Christy Gast's work stems from extensive research and site visits to places she thinks of as “contested landscapes”. These range from beaver-ravaged sub-Antarctic forests, to a mountain in Phoenix undergoing a politicized name change, to the extensively engineered canals and dikes around Lake Okeechobee that divert water from the Everglades. She is interested in places where there is evidence of conflict in human desires. She traces, translates or mirrors those conflicts through her art practice.

The result is a body of work in somewhat divergent media: textile sculptures, performance, video installation, a song cycle. Reworking objects made by anonymous makers such as folk textiles, beaver-gnawed sticks, or prehistoric shell tools belies a belief that histories can be embedded in seemingly mute objects and artifacts. Gast's video works are improvised explorations of particular sites, filmed from an intimate and corporeal point of view. When taken together, her work constitutes a sort of out-of-scale cabinet of curiosities. Often, the objects or documents she creates take the role of a copy, albeit an uncanny copy dislocated from the original through shifts in scale, gender, material, texture or medium.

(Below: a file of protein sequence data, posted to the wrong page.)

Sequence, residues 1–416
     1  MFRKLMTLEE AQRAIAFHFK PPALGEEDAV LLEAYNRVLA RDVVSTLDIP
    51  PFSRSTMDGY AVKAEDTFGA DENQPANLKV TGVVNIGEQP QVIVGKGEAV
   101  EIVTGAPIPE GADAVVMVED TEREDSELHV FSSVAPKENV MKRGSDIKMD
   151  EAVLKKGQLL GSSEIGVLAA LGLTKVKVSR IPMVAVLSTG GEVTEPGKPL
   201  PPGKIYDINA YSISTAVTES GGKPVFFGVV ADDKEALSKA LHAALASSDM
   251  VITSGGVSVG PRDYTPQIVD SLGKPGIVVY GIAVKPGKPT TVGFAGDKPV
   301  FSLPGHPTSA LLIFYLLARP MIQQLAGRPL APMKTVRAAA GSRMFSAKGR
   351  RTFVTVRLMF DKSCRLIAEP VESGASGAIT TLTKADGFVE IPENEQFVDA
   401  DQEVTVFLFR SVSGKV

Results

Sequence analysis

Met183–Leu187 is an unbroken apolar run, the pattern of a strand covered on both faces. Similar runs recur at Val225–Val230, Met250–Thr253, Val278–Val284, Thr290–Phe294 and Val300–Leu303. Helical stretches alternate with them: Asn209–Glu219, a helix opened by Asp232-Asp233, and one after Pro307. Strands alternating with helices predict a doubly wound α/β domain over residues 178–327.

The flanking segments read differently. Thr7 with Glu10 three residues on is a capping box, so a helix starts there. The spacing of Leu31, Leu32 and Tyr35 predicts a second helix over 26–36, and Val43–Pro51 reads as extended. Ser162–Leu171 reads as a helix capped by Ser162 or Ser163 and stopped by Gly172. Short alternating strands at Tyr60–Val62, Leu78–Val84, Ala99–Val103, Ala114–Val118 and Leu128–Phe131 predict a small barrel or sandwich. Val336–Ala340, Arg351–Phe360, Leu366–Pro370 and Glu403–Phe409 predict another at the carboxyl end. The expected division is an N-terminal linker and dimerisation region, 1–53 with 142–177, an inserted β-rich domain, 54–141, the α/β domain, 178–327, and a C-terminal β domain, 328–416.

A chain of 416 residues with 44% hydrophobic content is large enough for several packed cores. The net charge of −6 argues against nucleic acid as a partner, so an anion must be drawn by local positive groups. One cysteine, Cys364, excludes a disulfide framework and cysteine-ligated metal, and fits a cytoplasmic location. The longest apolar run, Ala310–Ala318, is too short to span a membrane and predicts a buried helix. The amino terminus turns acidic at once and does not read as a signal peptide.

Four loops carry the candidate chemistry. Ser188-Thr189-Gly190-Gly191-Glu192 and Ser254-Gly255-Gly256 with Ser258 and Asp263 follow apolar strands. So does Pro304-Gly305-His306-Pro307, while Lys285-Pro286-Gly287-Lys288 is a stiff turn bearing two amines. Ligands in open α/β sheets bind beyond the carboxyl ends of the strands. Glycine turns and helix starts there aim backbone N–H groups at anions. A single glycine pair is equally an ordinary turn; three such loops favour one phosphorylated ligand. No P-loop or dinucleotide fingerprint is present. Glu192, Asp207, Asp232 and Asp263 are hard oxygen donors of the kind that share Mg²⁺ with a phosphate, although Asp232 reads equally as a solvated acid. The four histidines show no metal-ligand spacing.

Christy Gast's work has been exhibited at museums and galleries internationally, including MoMA/P.S.1 Contemporary Art Center, Artist’s Space, and Harris Lieberman Gallery in New York; Los Angeles Contemporary Exhibitions and High Desert Test Sites in California; Gallery Diet, Miami Art Museum and the Bass Museum of Art in Miami; Cabaret Voltaire in Zurich; and Centro Cultural Matucana 100 in Santiago, Chile. Since 2010 she has directed the Artists in Residence in Everglades (AIRIE) program, bringing artists to live and work in the Everglades for a month at a time.